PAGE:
WWII

Warfare History Network, home of the foremost WWII History and WWII Quarterly magazines, is your best source for military history online. Here you’ll find our in-depth and vivid accounts of the greatest war in history, from Pearl Harbor to the Battle of the Bulge; from the desperate fighting on the Eastern Front to Iwo Jima and the Battle of Midway. Our vast collection of rare photographs, battle maps, illustrations and meticulously researched articles will give you new insight into the battles, leaders, weapons, and much more. 

Manning his Bren Gun, an Canadian soldier prepares to advance during the Scheldt Estuary offensive in October 1944.

WWII

Battle of the Scheldt Estuary

By Allyn Vannoy

As the Allied armies advanced across Western Europe in the summer of 1944, the First Canadian Army undertook the task of clearing the coastal areas and opening the Channel ports. Read more

WWII

What did FDR know about the Katyn Forest Massacre?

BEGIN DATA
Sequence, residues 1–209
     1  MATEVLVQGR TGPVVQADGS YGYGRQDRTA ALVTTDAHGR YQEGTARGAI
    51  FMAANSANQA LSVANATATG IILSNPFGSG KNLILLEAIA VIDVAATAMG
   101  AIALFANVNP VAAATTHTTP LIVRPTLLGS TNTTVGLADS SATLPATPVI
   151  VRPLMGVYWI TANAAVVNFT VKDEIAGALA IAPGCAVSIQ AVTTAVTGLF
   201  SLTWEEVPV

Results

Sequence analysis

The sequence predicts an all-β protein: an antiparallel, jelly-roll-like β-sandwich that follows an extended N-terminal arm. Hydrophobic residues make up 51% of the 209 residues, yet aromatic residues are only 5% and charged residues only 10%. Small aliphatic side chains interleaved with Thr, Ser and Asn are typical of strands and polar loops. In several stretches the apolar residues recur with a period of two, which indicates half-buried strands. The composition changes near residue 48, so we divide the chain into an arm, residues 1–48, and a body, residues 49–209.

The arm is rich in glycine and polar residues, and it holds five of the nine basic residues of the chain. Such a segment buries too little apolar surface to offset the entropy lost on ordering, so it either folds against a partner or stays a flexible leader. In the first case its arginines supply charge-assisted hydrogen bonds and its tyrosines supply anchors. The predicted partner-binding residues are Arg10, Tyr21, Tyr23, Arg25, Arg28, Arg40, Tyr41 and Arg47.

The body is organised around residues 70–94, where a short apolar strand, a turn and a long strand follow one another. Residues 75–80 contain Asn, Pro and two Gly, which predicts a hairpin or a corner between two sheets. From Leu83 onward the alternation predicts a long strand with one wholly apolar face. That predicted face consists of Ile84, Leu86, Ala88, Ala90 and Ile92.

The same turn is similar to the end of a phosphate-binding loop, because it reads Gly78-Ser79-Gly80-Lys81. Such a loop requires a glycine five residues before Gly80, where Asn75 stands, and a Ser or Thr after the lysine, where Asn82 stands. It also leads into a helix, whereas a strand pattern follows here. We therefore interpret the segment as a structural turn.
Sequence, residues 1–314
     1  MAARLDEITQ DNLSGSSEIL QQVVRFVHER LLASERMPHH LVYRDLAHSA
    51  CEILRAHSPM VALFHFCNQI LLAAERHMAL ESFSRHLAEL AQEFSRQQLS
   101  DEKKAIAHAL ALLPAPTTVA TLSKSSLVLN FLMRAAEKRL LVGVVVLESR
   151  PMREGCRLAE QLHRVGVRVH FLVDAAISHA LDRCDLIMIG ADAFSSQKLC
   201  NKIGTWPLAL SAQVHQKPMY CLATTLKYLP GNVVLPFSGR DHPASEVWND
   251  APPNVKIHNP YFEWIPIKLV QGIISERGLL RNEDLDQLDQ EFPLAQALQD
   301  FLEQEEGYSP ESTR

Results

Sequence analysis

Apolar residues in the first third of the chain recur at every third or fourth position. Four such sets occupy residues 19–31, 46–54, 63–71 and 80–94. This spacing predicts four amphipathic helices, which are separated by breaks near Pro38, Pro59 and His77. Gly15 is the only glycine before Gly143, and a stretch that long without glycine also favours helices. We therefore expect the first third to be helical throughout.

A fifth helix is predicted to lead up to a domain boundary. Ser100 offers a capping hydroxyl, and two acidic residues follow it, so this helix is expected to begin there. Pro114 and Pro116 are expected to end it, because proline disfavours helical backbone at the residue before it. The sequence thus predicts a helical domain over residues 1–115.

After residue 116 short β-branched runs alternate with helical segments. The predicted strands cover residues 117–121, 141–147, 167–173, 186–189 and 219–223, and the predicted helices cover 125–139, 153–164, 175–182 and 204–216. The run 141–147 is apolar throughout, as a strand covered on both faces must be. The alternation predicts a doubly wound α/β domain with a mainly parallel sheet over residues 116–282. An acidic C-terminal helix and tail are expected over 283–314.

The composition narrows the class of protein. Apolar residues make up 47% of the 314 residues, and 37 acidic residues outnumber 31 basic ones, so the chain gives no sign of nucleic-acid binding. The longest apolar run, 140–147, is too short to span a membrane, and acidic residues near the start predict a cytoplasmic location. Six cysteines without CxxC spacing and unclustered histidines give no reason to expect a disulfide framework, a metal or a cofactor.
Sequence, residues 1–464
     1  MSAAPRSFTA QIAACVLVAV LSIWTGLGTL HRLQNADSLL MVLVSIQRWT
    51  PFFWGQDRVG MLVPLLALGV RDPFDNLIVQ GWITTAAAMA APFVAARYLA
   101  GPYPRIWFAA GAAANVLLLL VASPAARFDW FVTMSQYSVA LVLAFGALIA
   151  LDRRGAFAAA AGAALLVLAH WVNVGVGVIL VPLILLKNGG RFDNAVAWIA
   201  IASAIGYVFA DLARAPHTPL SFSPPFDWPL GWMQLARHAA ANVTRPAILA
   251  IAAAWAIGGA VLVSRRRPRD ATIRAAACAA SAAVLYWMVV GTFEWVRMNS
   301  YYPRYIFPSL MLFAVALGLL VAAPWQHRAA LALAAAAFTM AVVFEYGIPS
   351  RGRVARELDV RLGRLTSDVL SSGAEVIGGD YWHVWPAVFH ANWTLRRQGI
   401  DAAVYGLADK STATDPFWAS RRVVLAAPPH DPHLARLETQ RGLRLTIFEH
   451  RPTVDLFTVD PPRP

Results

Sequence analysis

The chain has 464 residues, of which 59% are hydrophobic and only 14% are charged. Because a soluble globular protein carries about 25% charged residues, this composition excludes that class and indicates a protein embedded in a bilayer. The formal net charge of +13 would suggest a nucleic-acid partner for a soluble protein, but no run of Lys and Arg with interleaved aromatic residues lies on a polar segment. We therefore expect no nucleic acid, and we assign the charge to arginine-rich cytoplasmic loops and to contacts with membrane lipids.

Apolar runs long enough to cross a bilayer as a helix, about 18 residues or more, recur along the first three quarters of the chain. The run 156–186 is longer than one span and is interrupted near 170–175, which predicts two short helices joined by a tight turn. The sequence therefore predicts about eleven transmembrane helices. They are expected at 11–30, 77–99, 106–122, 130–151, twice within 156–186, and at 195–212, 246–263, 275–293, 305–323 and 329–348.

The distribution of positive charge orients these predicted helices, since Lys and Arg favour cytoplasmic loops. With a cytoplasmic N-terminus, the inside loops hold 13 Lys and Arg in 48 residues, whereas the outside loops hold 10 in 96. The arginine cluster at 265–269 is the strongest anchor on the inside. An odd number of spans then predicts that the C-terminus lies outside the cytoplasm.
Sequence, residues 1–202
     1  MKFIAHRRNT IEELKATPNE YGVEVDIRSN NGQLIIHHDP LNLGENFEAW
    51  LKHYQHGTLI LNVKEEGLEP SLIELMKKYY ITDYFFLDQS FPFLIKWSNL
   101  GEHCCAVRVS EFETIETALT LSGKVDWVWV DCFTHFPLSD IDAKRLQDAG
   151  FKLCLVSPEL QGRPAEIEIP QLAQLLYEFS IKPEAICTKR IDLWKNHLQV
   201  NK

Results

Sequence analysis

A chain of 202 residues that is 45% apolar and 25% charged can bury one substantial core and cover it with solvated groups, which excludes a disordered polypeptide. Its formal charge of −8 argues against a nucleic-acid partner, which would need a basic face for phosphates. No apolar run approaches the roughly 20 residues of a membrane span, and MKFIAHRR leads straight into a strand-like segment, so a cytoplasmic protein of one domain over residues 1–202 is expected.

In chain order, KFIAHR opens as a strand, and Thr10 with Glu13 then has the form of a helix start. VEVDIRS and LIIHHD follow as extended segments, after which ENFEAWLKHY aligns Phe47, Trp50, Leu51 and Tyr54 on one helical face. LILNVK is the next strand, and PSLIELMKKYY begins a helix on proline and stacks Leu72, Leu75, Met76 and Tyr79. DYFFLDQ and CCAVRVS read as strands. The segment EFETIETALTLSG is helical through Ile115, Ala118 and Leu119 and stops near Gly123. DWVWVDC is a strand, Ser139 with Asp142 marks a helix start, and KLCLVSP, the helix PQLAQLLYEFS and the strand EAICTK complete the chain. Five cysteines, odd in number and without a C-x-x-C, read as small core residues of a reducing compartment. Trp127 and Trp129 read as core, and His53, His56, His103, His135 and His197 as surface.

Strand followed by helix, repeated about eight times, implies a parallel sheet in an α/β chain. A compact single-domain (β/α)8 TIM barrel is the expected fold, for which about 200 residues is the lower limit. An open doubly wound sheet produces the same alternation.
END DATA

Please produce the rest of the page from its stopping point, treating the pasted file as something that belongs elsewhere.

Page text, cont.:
By Michael E. Haskew

Months after the Red Army stormed across the Polish frontier from the east and occupied approximately half of Poland in the autumn of 1939, the Soviet secret police (NKVD) rounded up thousands of Polish Army officers and summarily executed them at various locations around the war-torn country. Read more

WWII

Was Admiral Richmond K. Turner One of the Worst of WWII’s Leaders?

By Brad Reynolds

Historical controversy has famously surrounded Admiral Richmond K. Turner. In his responsibility as Director of the War Plans Division, he was to inform Admiral Kimmel, Commander of the Pacific Fleet, of Japanese diplomatic threats alluding to military retribution for souring political relations. Read more

WWII

Blunder or Deception? Stilwell at Myitkyina

by Jon Diamond

General Joseph W. “Vinegar Joe” Stilwell and his Sino-American Myitkyina Task Force (MTF), in a coup de main attack, seized the vital Japanese-controlled airfield just west of the town of Myitkyina on the great Irrawaddy River in northern Burma on May 17, 1944. Read more

WWII

George C. Marshall: Architect of Victory

By Michael D. Hull

President Franklin D. Roosevelt was disturbed in the autumn of 1938 by the Munich agreement, at which the rights of Czechoslovakia were signed away, and by reports of mounting air strength in Adolf Hitler’s Nazi Germany. Read more